2. I understand that line of thought, but I’d suggest that the reason why is it’s much stickier than that for many reasons. Have you considered what 30 year fixed apr rates were in 2005-2007? They’re similar to where we are now.

        3. Even if it would be a welcome event in terms of housing affordability for people currently priced out, I think it’s going to be almost impossible for prices to fall 35 percent in the next few years.

          In the aftermath of the so-called GFC, prices nationally fell by an amount in that ballpark, but we had lots of forced selling via foreclosures, acceptability of short sales, etc. As I have said here previously, most homeowners with a mortgage have a rate below today’s prevailing level, so the forced selling isn’t going to be such a force on transaction volume.

          Maybe cave_dweller has in mind some idiosyncratic risk specific to San Francisco, but that would have to do a lot of work to produce a 35 percent drop.

          1. -35% doesn’t have to be abrupt and immediate. RE price adjustments can lag by a year.
            -15% is already currently in play. It remains to be seen if and when the additional -20% would happen.

          2. One idiosyncratic risk specific to San Francisco that I’ve belabored here for years here is that our economy has become concentrated on “tech” businesses and jobs. Whereas most cities have a diversified business and jobs base, enabling them to better weather downturns, I think we will suffer the consequences of greedily and foolishly abandoning a resilient economy for a shiny, concentrated, maximum-profit-extraction economy.

          3. San Francisco’s Unspoken Idiosyncratic Risk: Its no longer a viable place for dating/mate finding.
            Tech-boom in SF was predicated on relieving unfavorable mating environment in the Silicon Valley.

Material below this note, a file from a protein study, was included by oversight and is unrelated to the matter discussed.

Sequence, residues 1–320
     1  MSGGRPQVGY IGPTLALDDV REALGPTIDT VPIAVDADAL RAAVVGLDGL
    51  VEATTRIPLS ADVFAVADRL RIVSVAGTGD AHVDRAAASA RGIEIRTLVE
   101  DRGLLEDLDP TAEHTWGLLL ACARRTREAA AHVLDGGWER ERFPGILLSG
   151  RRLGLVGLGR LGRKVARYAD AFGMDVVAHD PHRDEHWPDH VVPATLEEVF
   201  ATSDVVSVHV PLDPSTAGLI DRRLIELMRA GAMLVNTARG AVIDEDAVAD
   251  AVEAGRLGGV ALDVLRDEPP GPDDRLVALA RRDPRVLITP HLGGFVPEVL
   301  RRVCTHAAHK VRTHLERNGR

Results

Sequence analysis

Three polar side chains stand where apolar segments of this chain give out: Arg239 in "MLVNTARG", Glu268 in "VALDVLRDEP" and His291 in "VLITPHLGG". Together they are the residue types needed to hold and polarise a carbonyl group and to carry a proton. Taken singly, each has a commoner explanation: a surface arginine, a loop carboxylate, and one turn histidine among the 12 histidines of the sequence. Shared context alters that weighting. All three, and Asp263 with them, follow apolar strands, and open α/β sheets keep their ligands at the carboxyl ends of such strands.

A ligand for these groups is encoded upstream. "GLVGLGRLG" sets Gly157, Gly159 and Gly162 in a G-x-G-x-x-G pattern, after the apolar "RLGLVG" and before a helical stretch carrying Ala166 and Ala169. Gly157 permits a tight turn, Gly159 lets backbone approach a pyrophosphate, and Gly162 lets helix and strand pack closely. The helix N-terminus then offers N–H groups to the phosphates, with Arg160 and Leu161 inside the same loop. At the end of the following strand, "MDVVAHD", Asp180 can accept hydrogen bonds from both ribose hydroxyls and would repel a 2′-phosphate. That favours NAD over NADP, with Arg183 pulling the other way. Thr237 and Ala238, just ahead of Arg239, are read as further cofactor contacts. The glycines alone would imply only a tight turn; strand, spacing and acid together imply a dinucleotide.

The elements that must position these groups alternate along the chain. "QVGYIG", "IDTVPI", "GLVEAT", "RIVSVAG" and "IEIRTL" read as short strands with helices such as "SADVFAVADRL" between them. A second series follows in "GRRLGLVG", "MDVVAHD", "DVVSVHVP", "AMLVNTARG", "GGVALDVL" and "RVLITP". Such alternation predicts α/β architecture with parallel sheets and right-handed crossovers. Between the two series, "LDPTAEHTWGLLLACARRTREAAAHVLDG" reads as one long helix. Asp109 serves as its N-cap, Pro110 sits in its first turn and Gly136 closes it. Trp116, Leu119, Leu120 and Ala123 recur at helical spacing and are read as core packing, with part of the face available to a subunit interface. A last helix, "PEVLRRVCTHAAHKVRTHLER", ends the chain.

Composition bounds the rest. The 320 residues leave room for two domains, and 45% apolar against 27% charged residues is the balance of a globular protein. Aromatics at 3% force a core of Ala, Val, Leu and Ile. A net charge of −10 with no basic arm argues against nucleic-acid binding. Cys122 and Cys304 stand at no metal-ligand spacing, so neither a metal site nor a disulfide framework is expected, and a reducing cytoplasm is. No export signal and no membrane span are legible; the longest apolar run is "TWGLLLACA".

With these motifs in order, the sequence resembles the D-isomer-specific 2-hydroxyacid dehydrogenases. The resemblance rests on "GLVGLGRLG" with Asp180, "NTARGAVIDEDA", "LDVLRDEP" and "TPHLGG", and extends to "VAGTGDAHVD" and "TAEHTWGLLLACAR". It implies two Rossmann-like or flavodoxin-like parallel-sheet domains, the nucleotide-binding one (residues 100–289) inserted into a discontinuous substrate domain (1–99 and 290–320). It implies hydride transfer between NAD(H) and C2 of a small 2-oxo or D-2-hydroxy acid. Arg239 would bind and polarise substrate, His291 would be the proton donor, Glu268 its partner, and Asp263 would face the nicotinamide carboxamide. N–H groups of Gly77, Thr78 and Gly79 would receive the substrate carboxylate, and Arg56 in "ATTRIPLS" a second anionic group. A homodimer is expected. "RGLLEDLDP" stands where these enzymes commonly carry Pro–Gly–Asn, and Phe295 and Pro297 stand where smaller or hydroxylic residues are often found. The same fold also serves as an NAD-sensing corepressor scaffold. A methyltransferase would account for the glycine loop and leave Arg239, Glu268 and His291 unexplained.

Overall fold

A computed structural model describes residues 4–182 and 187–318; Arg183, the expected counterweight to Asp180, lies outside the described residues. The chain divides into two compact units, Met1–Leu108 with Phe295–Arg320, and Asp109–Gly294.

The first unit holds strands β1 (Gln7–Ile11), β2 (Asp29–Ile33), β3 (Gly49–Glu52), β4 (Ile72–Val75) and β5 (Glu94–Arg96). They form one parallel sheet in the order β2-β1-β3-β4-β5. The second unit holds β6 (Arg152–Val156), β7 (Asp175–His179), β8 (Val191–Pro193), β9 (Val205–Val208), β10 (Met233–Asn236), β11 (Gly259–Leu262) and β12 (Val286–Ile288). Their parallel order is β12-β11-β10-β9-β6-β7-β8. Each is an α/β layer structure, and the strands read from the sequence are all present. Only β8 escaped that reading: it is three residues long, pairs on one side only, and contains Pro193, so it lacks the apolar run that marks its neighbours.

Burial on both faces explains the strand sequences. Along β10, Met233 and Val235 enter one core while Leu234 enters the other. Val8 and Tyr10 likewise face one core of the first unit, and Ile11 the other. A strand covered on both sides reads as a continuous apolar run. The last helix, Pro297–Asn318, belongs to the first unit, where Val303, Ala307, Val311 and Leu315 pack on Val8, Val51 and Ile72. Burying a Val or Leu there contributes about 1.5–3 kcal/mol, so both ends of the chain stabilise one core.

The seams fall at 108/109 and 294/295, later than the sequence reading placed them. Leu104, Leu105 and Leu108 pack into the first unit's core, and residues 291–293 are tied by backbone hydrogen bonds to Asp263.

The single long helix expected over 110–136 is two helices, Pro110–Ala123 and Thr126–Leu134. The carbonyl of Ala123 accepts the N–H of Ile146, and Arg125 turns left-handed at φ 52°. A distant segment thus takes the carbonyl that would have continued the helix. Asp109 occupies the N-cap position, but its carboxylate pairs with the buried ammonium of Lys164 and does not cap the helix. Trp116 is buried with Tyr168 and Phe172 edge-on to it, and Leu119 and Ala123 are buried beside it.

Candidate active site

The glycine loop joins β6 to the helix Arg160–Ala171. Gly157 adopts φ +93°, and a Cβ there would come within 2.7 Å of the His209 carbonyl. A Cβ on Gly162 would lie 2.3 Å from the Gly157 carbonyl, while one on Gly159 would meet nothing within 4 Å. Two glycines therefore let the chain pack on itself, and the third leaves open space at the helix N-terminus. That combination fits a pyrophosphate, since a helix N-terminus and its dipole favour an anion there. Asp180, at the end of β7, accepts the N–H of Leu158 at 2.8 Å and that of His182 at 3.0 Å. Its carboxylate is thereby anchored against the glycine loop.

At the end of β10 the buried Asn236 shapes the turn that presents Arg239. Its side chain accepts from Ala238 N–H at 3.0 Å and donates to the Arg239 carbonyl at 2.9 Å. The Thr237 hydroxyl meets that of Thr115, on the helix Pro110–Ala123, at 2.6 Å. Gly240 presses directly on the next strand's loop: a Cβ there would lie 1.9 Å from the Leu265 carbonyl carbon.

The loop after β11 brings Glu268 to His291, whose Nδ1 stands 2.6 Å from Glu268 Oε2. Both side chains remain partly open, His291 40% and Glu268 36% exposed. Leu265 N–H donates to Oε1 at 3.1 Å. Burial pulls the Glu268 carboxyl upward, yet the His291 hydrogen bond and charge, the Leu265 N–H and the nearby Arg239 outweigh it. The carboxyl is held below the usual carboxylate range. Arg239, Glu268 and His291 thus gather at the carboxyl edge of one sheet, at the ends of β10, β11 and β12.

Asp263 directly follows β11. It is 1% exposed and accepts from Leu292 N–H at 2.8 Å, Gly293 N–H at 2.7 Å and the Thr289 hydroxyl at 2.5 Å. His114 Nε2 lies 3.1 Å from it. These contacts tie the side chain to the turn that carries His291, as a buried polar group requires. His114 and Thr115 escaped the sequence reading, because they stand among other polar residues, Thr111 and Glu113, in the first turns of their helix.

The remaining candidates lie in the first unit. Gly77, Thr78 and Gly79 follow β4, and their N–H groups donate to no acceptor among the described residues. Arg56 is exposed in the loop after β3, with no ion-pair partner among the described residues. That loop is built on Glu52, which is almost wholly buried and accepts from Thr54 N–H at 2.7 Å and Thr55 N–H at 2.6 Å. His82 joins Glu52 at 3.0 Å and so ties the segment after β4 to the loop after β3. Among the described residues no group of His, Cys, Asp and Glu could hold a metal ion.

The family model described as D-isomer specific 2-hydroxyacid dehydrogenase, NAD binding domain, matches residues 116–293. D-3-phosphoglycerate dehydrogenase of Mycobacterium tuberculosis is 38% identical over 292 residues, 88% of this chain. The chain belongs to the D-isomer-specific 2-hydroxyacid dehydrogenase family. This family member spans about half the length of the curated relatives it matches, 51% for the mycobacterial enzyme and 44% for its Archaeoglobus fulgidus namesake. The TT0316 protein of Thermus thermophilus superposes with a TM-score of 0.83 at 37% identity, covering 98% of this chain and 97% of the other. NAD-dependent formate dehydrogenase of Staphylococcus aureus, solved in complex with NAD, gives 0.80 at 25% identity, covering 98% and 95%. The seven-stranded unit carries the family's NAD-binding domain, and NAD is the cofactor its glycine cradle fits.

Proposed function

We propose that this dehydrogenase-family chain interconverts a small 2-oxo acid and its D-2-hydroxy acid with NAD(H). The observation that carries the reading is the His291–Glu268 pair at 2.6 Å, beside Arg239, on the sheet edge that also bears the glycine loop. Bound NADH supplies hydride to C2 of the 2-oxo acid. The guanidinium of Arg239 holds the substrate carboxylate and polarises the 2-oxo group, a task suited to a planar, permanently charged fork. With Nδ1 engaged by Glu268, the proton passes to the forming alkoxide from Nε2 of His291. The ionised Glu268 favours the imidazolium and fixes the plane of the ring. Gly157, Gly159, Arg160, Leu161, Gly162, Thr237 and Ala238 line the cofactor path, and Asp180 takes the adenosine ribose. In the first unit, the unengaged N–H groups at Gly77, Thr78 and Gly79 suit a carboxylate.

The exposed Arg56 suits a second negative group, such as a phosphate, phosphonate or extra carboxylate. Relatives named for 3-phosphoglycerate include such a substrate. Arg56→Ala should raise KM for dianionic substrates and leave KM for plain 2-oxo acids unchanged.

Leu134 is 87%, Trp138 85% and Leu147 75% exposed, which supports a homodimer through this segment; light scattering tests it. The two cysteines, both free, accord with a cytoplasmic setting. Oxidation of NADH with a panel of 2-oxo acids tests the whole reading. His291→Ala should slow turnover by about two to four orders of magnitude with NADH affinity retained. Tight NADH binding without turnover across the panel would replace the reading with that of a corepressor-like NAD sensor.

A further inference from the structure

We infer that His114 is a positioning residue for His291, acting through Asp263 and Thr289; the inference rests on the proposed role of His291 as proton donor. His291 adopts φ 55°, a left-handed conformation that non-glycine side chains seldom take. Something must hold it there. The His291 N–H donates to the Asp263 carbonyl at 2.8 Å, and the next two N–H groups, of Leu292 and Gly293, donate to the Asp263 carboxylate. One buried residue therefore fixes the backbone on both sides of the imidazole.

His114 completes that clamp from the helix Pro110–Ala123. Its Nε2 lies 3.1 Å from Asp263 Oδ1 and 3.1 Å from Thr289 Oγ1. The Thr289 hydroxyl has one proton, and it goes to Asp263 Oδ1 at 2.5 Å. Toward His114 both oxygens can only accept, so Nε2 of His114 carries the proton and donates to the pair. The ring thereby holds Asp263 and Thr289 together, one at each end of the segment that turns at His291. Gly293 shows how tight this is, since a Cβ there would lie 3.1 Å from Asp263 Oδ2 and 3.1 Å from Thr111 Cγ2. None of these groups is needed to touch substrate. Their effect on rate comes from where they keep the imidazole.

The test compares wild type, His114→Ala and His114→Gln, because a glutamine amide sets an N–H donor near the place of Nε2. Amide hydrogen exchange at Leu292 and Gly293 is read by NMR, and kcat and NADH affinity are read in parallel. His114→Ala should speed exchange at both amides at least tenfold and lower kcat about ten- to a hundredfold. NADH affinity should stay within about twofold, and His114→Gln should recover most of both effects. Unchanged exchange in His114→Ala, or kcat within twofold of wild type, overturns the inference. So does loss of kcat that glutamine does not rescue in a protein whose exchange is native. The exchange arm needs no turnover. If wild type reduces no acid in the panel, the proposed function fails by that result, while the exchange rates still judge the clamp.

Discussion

The attendant RE-boom was layered atop increasing rents from this Tech-boom.
            Since at least mid-2000s it wasn’t financially feasible for many to raise a family in SF.
            SF was (and still is) never a place for tech-inputs – excluding Bio-tech.

            With tech-decentralization of last 2 years and worsening governance/crime/quality of life issues – I am not at all convinced SF will recover its dating glamor in the near foreseeable future (4-5 yrs).

  2. My thought was that “probably” is doing some heavy lifting in your initial post. You equate 2023 with 2012 in terms of a cycle. Maybe it’s more like 2009? Who knows?

    1. Man, I said probably. So I tacitly acknowledged speculation. You came in pretty hot with the old saying BS line. Heh. Anyway, what I’m basing that off of is the reading I’m doing about when inflation curbing might be deemed sufficient, when rates might get lower, what to expect next year, etc.

      I don’t really rate equating this curbing of unprecedented appreciation with a certainly obvious massive sell off, triggering massively lower prices. I mean, another thing is so very many people took advantage of the super low 30 year rates that were on offer the past couple years. They’re sitting pretty, you know?

      I mean, it’s all sorts of things. San Francisco as a municipality has been rank awful in glaring places. So that’s a thing for sure. People are leaving. People will be leaving. Some of them will own homes and they’ll sell for less than they might have gotten in May 2022. Many others will stick around. It’s still the big city of a world class region, etc etc.

      But the flipside of SF’s bureaucracy being so bad at their jobs? They’ve created housing scarcity. Particularly when it comes to what I’ve stayed talking about here, and that’s single family homes. I think a lot of people will have read the Chronicle article from two weeks ago. I mean, it’s really crazy what has gone on.